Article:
Cause of Afghan military plane crash in Uzbekistan disputed

Uzbek authorities issue conflicting reports on the cause of the crash of an Afghan plane after Taliban seize Kabul.

The wreckage came as dozens of Afghan military aircraft carrying hundreds of servicemen reportedly reached Uzbekistan, among the thousands fleeing the country after the Taliban captured the Afghan capital of Kabul [File: Ahmad Masood/Reuters]

An Afghan military plane crashed in Uzbekistan over the weekend, and Uzbek authorities issued conflicting reports on the cause on Monday.

The wreckage came as dozens of Afghan military aircraft carrying hundreds of service members reportedly reached Uzbekistan, among the thousands fleeing the country after the Taliban captured the Afghan capital of Kabul.

The plane crash in southeastern Uzbekistan, in the Surkhandarya region on the border with Afghanistan, was first reported by local media. The Uzbek Ministry of Defense initially said it was studying videos and reports of the crash, then confirmed that the plane did crash without elaborating.

Later on Monday, Russia’s state news agency RIA Novosti reported that it was told by the Uzbek defence ministry that their air defence system had downed the plane and “averted an attempt by an Afghan military plane to illegally cross Uzbekistan’s air border”. Two pilots, the agency said, were hospitalised in serious condition.

Within hours, the prosecutor general’s office in Uzbekistan issued a statement saying that an Afghan military plane had collided with an Uzbek plane that was scrambled to escort it to the airport in Termez, a city in Surkhandarya.

The office later retracted that statement, which also alleged that 22 warplanes and 24 military helicopters from Afghanistan carrying 585 servicemen “illegally crossed” into Uzbek airspace over the weekend and were forced by Uzbek authorities to land at Termez.

The prosecutor general’s office later apologised for a “hasty” statement on the messaging app Telegram and said it was not based on “verified data from the relevant authorities”.

The Associated Press news agency couldn’t immediately reconcile the conflicting reports or independently verify them.

News of the plane crash in Uzbekistan appeared on Monday as thousands of Afghans packed into the Kabul airport, rushing the tarmac and pushing onto planes in desperate attempts to flee the country, a day after the Taliban overthrew the country’s Western-backed government. United States troops fired warning shots as they struggled to manage the chaotic evacuation.

A communications director for Arkansas Senator Tom Cotton, Caroline Tabler, said the Republican legislator’s office was working urgently to support Afghan pilots fleeing from the Taliban to Uzbekistan. She appeared to confirm that at least some Afghan military personnel had reached Uzbekistan.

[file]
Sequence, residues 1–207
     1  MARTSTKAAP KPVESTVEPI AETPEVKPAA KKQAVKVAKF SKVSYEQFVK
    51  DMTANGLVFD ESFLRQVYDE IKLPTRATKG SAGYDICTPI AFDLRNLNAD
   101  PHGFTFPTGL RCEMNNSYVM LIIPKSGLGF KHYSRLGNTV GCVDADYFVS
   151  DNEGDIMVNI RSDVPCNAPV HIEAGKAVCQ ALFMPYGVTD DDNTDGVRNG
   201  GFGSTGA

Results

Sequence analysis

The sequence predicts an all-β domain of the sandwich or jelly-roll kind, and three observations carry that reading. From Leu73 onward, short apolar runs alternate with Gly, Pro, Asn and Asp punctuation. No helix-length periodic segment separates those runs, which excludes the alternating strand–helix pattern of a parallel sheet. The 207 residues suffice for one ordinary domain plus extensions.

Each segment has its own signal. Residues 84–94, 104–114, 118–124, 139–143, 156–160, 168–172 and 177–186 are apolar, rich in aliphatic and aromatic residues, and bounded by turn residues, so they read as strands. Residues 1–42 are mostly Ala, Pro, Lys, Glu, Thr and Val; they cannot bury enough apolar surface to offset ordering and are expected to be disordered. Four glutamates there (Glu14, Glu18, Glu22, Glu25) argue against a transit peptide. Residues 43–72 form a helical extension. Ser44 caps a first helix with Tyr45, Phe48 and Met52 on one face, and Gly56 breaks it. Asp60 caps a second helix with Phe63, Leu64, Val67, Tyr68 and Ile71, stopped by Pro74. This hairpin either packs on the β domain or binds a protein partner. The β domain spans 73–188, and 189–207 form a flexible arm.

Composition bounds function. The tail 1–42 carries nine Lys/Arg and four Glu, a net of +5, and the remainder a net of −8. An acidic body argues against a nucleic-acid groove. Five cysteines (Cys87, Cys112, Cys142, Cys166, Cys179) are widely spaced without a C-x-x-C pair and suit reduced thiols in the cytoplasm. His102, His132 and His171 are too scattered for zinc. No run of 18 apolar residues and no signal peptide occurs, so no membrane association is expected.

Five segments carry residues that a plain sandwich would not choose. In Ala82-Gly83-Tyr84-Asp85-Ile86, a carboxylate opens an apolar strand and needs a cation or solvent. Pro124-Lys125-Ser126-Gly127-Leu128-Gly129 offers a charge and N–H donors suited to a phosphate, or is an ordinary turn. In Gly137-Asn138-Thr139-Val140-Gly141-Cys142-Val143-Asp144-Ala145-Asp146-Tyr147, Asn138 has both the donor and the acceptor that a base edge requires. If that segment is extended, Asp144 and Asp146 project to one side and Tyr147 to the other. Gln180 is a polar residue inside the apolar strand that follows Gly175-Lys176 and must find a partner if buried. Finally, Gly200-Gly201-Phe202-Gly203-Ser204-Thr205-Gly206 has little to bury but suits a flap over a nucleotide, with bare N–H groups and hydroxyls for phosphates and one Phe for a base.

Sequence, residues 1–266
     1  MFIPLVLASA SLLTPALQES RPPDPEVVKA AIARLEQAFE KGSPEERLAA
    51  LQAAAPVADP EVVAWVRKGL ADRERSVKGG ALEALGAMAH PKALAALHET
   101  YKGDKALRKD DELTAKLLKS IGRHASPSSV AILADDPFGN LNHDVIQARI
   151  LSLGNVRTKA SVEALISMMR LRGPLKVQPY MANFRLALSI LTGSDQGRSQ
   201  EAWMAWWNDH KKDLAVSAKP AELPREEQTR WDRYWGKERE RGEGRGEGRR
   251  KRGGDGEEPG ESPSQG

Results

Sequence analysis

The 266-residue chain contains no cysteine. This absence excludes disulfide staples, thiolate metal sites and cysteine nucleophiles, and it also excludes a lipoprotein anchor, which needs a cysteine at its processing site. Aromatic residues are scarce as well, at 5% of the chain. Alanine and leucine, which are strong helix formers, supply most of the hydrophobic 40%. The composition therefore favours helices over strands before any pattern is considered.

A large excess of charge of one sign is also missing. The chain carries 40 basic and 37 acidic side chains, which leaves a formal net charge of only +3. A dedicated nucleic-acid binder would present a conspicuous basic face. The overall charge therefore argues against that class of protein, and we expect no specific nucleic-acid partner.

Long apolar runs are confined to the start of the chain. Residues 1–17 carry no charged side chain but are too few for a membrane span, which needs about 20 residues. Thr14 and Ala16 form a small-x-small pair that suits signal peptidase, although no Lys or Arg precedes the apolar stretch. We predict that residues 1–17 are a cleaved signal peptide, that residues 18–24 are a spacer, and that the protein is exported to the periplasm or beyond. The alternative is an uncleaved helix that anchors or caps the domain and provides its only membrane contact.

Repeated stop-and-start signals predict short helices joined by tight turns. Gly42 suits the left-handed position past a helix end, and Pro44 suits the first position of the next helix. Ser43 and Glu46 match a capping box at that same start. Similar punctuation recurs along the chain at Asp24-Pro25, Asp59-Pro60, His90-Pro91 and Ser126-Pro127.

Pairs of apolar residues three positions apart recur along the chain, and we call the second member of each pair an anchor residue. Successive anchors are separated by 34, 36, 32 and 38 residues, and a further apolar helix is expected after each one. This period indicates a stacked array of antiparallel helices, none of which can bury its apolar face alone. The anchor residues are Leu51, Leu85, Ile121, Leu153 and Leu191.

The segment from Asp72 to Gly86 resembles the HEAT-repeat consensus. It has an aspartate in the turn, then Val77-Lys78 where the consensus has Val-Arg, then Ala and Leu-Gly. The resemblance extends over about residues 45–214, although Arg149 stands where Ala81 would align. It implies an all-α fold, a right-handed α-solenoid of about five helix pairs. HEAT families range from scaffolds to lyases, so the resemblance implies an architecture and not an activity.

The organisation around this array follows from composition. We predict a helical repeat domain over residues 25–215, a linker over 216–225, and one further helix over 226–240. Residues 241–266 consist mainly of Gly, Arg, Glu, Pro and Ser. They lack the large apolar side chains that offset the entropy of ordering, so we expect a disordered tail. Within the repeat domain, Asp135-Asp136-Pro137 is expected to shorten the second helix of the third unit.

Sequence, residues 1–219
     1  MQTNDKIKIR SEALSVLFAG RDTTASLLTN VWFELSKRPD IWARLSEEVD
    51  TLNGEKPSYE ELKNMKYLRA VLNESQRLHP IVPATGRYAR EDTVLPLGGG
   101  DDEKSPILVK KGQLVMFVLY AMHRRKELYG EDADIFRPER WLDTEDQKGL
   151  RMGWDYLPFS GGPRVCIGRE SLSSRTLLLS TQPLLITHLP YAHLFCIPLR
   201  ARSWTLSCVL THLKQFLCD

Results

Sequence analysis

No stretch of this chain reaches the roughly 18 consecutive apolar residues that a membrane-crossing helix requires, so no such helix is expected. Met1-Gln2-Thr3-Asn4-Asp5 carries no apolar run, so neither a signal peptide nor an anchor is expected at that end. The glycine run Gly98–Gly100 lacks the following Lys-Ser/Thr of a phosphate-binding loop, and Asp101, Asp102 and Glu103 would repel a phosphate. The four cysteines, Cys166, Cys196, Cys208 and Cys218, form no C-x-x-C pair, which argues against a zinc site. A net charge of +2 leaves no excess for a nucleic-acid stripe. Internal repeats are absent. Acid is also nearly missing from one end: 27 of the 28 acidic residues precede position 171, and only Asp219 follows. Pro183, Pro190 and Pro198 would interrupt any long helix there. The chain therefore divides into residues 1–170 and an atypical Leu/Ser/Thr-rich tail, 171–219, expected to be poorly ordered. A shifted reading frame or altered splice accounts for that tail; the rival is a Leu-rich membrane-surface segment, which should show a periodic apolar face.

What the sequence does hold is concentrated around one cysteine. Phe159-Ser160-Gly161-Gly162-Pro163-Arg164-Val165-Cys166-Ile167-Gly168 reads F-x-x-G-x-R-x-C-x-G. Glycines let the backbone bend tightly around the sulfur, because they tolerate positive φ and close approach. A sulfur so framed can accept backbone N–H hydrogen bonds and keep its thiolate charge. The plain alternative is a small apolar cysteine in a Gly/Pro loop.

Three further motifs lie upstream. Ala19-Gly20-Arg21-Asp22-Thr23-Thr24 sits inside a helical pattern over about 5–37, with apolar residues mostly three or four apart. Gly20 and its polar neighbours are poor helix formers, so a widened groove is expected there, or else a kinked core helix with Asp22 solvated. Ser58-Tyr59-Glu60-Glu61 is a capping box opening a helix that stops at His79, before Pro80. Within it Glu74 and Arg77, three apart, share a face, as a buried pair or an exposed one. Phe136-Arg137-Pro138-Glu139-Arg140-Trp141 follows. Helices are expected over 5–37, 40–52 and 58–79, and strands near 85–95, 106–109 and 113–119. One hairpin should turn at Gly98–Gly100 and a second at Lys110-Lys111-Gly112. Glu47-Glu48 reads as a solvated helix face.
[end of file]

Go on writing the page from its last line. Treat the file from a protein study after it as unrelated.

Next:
“We’re working with an intermediary who’s been in touch with the pilots,” she told the AP.

“We have not heard from them since last night [Washington time]. We know Uzbekistan has taken their cellphones. Our primary concern is making sure Uzbekistan does not turn them over to the Taliban. We are frantically reaching out to the State Department on this case and trying to get them asylum and literally can’t get a response.”

A plane carrying more than 100 Afghan service members landed in Tajikistan on Monday, the Tajik foreign ministry said. Officials told Russia’s state news agency Tass that Tajikistan received an SOS signal and allowed a plane bound from Afghanistan to land at an airport in the Khatlon province, which borders Afghanistan and Uzbekistan’s Surkhandarya region.

On Sunday, Uzbekistan’s foreign ministry reported that 84 Afghan servicemen crossed the border into Uzbekistan, asking for assistance. The group was detained by border guards and included three wounded soldiers who needed medical help.

The men were offered food and temporary accommodation in Uzbekistan, and the ministry said it was in touch with Afghan officials regarding the return of the Afghan soldiers.

Central Asia has watched with alarm as the Afghan government in Kabul collapsed.

Three former Soviet countries – Tajikistan, Turkmenistan and Uzbekistan – border Afghanistan.

Of the three, only Tajikistan has eschewed talks with Taliban officials, who have assured neighbours of their commitment to regional peace and infrastructure projects.

Source: News Agencies